Marpole River Park / Silvertree Park
Concrete Wasteland: Don Larson wants a natural 10 acre riverfront park at the foot of Cambie
JUN 25, 2015 - Marpole Online met with Marpole resident and greenspace activist, Don Larson, today to discuss the proposed 10 acre riverfront park at the foot of Cambie that he has been fighting to make happen for the past four years. He is helped in his efforts by environmentalist and Dunbar resident, Terry Slack, and former Banyen Books owner and Marpole resident, Elliott McLaughlin who assists Larson with communications.
While the park has been approved in the recent Marpole Community Plan, a deed has not been signed transferring ownership from Translink to the City of Vancouver and Larson says it has to happen within four years of the Marpole Plan in order to use the Community Amenity Contributions (CAC).
Larson says that the City's CAC from the highrise rezoning near Marine Drive Canada Line Station has $20 million set aside to buy the land for this park. The Marpole Plan was approved November 2014 which means the City would need to use the money by November 2018.
Larson and Slack had a walkabout with two City of Vancouver staff over the last week, Susan Haid, Assistant Director, Vancouver-South Planning and Development Services and Catherine Sinasac, Community Planner at City of Vancouver.
According to Larson, McLaughlin calls the current site a "concrete wasteland". Larson says "It has been brought up to one level of cleaning. It was once a mill site, Silvertree Mill."
He says that the Canada Line is now the entrance to Vancouver adding "the cement wasteland along the riverfront isn't welcoming, it's not world class, and we're not the greenest city in the world." Larson doesn't think the park will happen if the three men don't keep pushing the Mayor, City Council, and Vancouver Park's Board, but is grateful for the Canada Line Pedestrian and Cyclist Bridge which draws attention to the neglected industrial site. During our interview today we saw a steady flow of cyclists crossing the bridge. When asked what Marpole residents can do he said that emails to the Mayor don't hurt.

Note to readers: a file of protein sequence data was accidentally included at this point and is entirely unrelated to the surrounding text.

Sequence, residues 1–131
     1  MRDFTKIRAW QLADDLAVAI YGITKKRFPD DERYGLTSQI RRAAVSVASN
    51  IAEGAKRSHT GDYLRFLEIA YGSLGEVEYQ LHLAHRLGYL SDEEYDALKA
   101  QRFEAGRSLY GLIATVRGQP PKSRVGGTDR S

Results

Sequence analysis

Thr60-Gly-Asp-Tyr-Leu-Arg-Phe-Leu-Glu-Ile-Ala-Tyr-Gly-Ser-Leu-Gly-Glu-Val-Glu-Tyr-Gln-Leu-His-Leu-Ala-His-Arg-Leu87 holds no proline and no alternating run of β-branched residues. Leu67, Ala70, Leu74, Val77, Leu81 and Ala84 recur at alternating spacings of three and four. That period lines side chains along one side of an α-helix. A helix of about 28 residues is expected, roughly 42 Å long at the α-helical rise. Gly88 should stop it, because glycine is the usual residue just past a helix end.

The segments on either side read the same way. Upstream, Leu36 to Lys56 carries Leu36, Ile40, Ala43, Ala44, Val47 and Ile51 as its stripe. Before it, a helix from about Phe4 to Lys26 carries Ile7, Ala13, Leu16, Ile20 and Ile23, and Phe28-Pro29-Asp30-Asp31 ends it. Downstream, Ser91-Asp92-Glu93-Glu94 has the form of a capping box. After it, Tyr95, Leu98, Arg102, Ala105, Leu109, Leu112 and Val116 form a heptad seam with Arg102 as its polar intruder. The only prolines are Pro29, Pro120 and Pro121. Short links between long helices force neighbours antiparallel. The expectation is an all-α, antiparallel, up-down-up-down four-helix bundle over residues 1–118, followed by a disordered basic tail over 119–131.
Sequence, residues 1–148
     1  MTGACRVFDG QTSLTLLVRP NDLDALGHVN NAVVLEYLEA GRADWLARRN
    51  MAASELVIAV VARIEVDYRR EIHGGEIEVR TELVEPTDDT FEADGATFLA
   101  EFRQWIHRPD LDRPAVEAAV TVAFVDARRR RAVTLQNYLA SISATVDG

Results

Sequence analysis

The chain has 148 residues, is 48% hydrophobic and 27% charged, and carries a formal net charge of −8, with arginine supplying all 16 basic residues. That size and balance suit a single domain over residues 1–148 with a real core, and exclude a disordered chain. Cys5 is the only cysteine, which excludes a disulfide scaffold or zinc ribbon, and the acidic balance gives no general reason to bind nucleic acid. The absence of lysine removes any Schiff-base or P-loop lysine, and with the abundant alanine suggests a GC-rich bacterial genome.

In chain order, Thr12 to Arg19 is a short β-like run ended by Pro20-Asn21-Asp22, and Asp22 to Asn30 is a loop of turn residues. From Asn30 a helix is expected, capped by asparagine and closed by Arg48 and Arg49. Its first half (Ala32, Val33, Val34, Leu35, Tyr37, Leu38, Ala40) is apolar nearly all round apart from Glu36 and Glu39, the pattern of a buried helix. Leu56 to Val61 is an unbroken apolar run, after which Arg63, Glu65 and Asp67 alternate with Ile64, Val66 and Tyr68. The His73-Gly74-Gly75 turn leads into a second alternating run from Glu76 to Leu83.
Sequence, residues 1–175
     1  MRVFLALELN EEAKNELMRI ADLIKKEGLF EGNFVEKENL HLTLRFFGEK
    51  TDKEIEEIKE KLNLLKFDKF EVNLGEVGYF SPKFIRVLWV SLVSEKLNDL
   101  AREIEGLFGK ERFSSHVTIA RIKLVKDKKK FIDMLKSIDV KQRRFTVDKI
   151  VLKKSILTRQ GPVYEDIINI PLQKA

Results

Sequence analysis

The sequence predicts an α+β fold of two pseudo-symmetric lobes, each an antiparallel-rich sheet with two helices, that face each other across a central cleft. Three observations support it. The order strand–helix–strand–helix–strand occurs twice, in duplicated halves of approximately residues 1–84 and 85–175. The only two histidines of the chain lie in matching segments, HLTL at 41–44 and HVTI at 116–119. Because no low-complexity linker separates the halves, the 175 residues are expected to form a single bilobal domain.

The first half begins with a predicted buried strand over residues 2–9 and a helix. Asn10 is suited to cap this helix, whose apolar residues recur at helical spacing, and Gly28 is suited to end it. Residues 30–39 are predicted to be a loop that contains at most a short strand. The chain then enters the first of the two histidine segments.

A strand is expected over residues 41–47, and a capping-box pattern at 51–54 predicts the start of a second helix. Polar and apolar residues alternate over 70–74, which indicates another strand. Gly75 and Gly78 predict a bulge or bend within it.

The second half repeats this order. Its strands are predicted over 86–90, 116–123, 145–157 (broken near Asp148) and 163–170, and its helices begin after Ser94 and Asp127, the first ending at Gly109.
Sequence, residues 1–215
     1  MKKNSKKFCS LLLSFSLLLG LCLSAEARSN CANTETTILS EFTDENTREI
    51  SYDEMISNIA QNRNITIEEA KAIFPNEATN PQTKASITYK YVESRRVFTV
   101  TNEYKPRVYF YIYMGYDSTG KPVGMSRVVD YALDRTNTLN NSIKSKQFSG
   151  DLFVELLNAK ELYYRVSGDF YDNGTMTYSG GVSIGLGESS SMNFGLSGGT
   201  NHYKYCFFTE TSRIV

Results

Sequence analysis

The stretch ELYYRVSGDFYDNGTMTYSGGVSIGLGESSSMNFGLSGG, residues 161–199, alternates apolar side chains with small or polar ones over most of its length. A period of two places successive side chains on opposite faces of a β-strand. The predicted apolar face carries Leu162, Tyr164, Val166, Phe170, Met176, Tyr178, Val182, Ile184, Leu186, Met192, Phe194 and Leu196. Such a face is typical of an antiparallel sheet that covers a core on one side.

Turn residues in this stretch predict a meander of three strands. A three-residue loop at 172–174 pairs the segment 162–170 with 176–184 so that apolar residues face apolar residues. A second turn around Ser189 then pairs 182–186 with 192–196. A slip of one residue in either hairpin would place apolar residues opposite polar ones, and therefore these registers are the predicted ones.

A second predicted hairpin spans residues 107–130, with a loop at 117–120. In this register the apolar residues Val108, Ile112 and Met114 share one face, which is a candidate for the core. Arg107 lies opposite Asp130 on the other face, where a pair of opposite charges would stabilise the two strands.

"The $20 million may go to save the gardens up on the [Arbutus] tracks; the [Marpole Oakridge] Community Centre needs revitalization up at 59th and Oak; but if you're one of the four to five thousand people that, within a year and half, will be living at Cambie and Marine, wouldn't you seriously want a park down by the river? Wouldn't that be your big priority? But they have no voice." says Larson.
Larson is adamant against sports fields. "We need walkways along the river so people can access parks. I think City Hall has to show some leadership on an issue like that and form a single-focused committee." He says that Vancouver's Grandview Woodlands neighbourhood is "on the ball" and that "Marpole really never did form into a proper committee."
"We're getting the density, we're getting all the social impact, the question is are we getting the amenities and benefits. At the moment I would say 'No'", says Larson. "I'm trying to get a park and I'm very focused on that out of this density mess."